#301: The Realm of the Impossible [ss] (2017) eds. John Pugmire and Brian Skupin – Week 3

Realm of the Impossible

The world tour that is Locked Room International’s newest impossible crime story collection continues, with me picking out stories by their approximate geographical groupings to explore the themes they raise.  Elsewhere we have:

Week 1: The United Kingdom and Ireland
Week 2: Mainland Europe
Week 4: India, China, and Japan
Intermission: The Real Life Impossibilities
Week 5: Australia and the Americas

So now we’re up to…

Week 3: North Africa and the Middle East

It’s a little bit of a shame to have to report that none of the three stories in this part of the world are actually by authors from this part of the world.  No doubt in the first and third cases the authors have a pretty darn good idea of the cultures they’re writing about, but equally there will be a tendentious element to such writing because they’re always viewing said cultures externally.  It stops short of pure amanuensis, certainly, but there’s still a sort of separation here that’s a shame given how I was hoping these stories were going to highlight the existing market within the countries themselves for what is primarily seen as an English and American undertaking.  These tales stemming from the pens of Enlglish and American writers undercuts that somewhat.

Probably that’s just me misunderstanding, however.  That happens sometimes.

220px-flag_of_egypt-svgFirst up is ‘The Locked Tomb Mystery’ (1989) by Egyptology expert Dr. Barbara Mertz under the nom de plume Elizabeth Peters.  In essence this Ancient Egypt-set problem is a neat one — the sealed tomb of a wealthy woman is found desecrated, with no way for the thieves to have got in or out since the whole thing is carved into the rockface and the seals on the door were undisturbed.  What we have here, however, is one of those narrow situations where there’s really only one solution and the whole thing, less one slight clever variation, is really kinda obvious as the story is unfolded.

Like Paul Doherty, however, Peters is very compelling in the details of the world she’s painting, and this is used well to establish the root of the problem as well as explain one key aspect of how the theft is, uh, prepared for.  The background of superstition and ritual works well, and the mixture of disdain and respect for our central investigative pair balances out decently without falling into the easy fawning that sees everything fall from the path of the amateur detective in this sort of short form story.  I’d read a Peters impossible crime novel on this evidence if one existed, but I still can’t help but wonder that no-one at all in the country of Egypt isn’t also trying to writ this kind of story.  An indigenous take on the history of the country could be amazing.

255px-flag_of_lebanon-svgHead out through Israel into Lebanon, setting for ‘Leaving No Evidence’ (1938) by Dudley Hoys.  This is a short, simple, direct, and superbly atmospheric story that wastes no time in giving you the people involved, the relationship between them, and all other pertinent detail before dropping face first into the stark impossibility of a man disappearing in the middle of a snowdrift on a mountain.  This is another narrow story that both works and doesn’t — the tempting thing would be to pile in a load more detail to hide the workings, but the broad emptiness of its vistas are best served by the simple directness Hoys employs.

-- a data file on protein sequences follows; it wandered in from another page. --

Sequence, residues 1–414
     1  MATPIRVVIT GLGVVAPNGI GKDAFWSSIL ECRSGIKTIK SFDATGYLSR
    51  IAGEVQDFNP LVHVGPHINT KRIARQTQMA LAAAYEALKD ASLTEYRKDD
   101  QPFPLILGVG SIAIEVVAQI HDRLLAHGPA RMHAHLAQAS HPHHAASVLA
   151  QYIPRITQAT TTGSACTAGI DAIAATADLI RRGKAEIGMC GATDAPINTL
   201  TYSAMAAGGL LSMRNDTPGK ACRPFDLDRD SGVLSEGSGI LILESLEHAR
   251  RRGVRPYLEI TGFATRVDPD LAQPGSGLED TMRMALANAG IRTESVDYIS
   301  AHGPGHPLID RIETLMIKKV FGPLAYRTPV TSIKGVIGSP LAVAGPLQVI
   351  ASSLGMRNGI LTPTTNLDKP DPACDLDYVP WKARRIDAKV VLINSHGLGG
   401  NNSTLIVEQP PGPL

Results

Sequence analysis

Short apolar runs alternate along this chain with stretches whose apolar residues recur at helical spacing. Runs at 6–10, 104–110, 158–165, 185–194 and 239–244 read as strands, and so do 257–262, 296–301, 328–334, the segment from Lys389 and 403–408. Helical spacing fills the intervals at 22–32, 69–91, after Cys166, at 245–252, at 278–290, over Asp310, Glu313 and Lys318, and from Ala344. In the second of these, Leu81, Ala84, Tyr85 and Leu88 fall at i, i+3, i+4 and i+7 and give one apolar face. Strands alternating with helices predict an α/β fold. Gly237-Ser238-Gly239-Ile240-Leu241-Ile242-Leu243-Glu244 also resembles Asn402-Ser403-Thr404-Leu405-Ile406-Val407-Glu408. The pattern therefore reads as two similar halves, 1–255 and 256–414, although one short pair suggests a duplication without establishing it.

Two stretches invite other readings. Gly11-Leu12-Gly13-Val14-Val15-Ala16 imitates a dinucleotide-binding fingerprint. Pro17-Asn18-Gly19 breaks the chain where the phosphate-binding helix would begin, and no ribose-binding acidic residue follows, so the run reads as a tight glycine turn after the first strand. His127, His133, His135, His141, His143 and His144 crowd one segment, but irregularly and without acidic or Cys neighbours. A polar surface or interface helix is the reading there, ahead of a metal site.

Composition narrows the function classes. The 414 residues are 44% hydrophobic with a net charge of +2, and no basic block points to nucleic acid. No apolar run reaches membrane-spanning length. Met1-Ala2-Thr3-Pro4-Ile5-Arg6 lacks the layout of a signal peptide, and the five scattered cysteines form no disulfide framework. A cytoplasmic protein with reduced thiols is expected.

As a result, the experienced reader will probably get the essence of the solution quite quickly, but this is one of those cases when — especially given how the solution is revealed — being ahead of the author is not bad thing.  It’s a very, very crafty little tale, with a very nifty motive behind its impossibility, and could well be my favourite of the collection so far.  Sure, there’s the slight issue of how literally we’re supposed to take the final line — there’s a potential conflation of cosmesis and functionality, shall we say — but this recalls Norman Berrow’s footprints-in-the-snow masterpiece The Footprints of Satan (1950), and delights me to the same extent for the same reason: its refusal to over-complicate a story that is all the more effective for its simplicity.

Yeah, footprints problems are definitely my new favourite impossibility.

255px-flag_of_iraq-svgEastwards to Iraq, and ‘All the Birds of the Air’ (1950) by Charles B. Child, a.k.a. Claude Vernon West.  Personally I don’t think this qualifies as a pure impossibility — it’s an improbable crime, given the nature of a man found beaten around the head in an unlocked room that someone might have been able to approach…and then one detail is included that makes it, I’m sorry to say, a really rather very probable crime indeed.  In stark contrast to the above, the narrowness here is something West doesn’t use well, extemporising with a lot of extra detail and to-ing and fro-ing just to fill suitable pages to make it appear a bit mysterious.  It doesn’t work.

However, given West’s apparent knowledge of the people and cultures whereof he writes, it’s another fascinating look at a different culture that enables the newness to permeate all the better for the familiarity of the trappings with which it is ensconced.  Cultural operation around the observation of legal proceedings, or the structure of family life, is something that could be made clear through stories that grind on slowly and exceeding small to no particular interest, but here they’re explored lightly and efficiently through a little touch, a little prod, a faint shove as part of the trappings in which the crime is investigated.  From that perspective it’s great, but as a plot and an impossible crime it alas has little to offer.